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Car Salesman Suffers Head Injury

Vermont Workers Compensation

2000. 

02-00WC. Vach v. Twin City Subaru

March 24, 2000

State File No. L-17584

 By: Margaret A. Mangan

 Hearing Officer

 For: Steve Janson

 Commissioner

Opinion No. 02-00WC

Anthony Vach

v.

Twin City Subaru

Formal Hearing held in Montpelier on September 8, 1999

 Record Closed on September 24, 1999

APPEARANCES:

Heidi S. Haught, Esq. and Joseph C. Galanes, Esq. for the claimant

 John W. Valente, Esq. for the employer

ISSUES:

1. Whether claimant suffered physical injuries by accident arising out of and in the course of his employment with Twin City Subaru.

2. Whether claimant suffered traumatic brain injury, post traumatic stress disorder, or other psychological injuries by accident arising out of and in the course of his employment.

3. If the answer to the first two issues is in the affirmative, was claimant temporarily totally disabled from work and, if so, for what period of time?

Claimant Seeks:

1. Temporary Total Disability Benefits pursuant to 21 V.S.A. § 642 for a total for 71 weeks, that is from January 24, 1998 to July 18, 1998 and from November 10, 1998 to September 28, 1999.

2. Medical and hospital benefits pursuant to 21 V.S.A. § 640 for psychological care and medical care for his back.

3. Attorney fees and costs pursuant to 21 V.S.A. § 678 (a).

EXHIBITS:

Joint Exhibits I a and I b : Medical Records

Claimant’s Exhibit 1 : Transcript of deposition of Judy Nepveu, M.D.

Claimant’s Exhibit 2 : Transcript of deposition of Todd Lefkoe, M.D.

Defendant’s Exhibit A : Transcript of deposition of Kenneth Ciongoli, M.D.

FINDINGS OF FACT:

1. In the summer of 1997 the claimant, his wife Mary Kay, and their adult son moved to Vermont. At the time of the move, claimant was taking prescription medications for depression. He testified that he was feeling well. He testified further that he was active and healthy, was doing woodworking in his wood shop, and cutting wood for the winter’s heating supply.

2. On September 23, 1997, in his effort to establish a physician in Vermont, claimant saw Dr. Philip G. Kiely who wrote at the outset that claimant was on an “indefinite medical leave for cardiac and psychological problems.” At that time he was taking Luvox 100 mg. a day and Ativan morning and evening. Dr. Kiely wrote that claimant “has been a little bit more active since he has been here and is mentally and physically feeling better and has lost 15 pounds.” And he documented that claimant had chronic low back pain for which he took one to two Darvocet tablets on average per day. On examination the doctor noted that he had swelling in both legs, more on the right, the side of a saphenous vein graft some years earlier. Dr. Kiely refilled claimant’s Luvox, Ativan and Darvocet. He asked claimant to return in six months.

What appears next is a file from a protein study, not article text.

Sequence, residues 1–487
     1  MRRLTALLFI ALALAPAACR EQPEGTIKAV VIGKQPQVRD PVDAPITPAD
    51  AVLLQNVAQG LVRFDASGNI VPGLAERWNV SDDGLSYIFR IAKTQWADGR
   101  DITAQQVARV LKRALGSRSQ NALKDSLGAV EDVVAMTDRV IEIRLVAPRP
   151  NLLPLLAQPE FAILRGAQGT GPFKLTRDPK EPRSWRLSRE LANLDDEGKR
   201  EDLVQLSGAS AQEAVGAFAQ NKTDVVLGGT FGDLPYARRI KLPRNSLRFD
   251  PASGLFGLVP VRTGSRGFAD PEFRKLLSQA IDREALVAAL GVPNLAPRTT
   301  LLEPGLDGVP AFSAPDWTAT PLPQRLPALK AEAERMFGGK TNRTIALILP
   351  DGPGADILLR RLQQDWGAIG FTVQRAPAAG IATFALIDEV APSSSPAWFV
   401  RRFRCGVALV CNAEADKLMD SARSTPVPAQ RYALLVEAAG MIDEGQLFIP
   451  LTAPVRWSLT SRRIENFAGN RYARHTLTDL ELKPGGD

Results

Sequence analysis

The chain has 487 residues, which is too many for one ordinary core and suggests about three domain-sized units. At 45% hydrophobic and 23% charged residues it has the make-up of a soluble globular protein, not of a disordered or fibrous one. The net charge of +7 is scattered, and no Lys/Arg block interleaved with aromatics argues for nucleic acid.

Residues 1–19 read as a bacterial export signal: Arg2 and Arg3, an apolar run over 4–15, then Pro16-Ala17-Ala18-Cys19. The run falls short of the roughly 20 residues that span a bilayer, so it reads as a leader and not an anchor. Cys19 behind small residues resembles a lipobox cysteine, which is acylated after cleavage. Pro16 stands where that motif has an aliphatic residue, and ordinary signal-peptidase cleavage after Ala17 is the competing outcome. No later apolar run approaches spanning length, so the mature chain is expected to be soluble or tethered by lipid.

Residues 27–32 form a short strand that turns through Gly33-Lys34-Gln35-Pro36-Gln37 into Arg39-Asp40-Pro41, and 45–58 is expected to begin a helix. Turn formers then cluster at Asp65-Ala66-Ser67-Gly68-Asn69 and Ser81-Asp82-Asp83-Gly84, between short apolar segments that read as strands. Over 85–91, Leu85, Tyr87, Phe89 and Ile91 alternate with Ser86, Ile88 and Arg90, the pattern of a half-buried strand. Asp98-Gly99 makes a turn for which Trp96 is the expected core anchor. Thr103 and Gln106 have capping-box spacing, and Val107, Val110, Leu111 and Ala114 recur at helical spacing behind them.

3. In November 1997, claimant slipped and fell in the Price Chopper in Morrisville. He testified that his lower back hit something. He explained that after seeing a chiropractor, he was fine.

4. In November 1997 claimant responded to an advertisement for a car salesperson at Twin City Subaru in Montpelier. After interviewing with the manager John Henning, he was hired.

5. Claimant started working at Twin City Subaru in November 1997.

6. On December 18, 1997 claimant returned to Dr. Kiely with complaints of a headache, cough, joint pain and bilateral lower extremity parethesias. The note reflects that claimant told the doctor that the headaches had started when he fell and hurt his back in the snow in November.

7. For the twelve weeks preceding the January 24, 1998 accident, Twin City paid claimant an average weekly wage of $221.26.

8. His coworker, Chip Milne, described claimant as a non-aggressive, quiet man who stayed in his office a great deal of time. Claimant got along well with everyone. At times, however, he was seen sleeping in his office and had to be reminded to create an image more conducive to a work setting, e.g., reading at his desk during slow periods. Another coworker, Charles Paini, also testified that he had seen claimant fall asleep at work before his fall. Michael Hughes, the used car manager at the time claimant worked at Twin City, at times prodded claimant’s foot to startle him awake. Hughes testified that claimant complained of being tired. Claimant denied ever sleeping on the job. He said that because he has droopy eyelids, he appears to be sleeping even when he is not. However, claimant’s appearance at the hearing did not suggest that his normal awake state would be confused with sleeping.

9. On January 24, 1998, claimant and his coworkers were clearing snow from cars in the sales lot when claimant’s feet slid out from under him and he fell. The claimant testified that coworkers helped him up.

10. Claimant testified that he flew into the air, then crashed to the ground, landing on his back and left shoulder. He further testified that he struck his head on the snow-covered asphalt when he landed, then immediately felt dizzy and dazed and had pain in his back and in the back of his head.

11. Chip Milne, a coworker, was about seven or eight cars away from claimant at the time of the fall. He noticed that someone helped claimant get to his feet. Claimant then walked unassisted to the office where he worked for the rest of the day.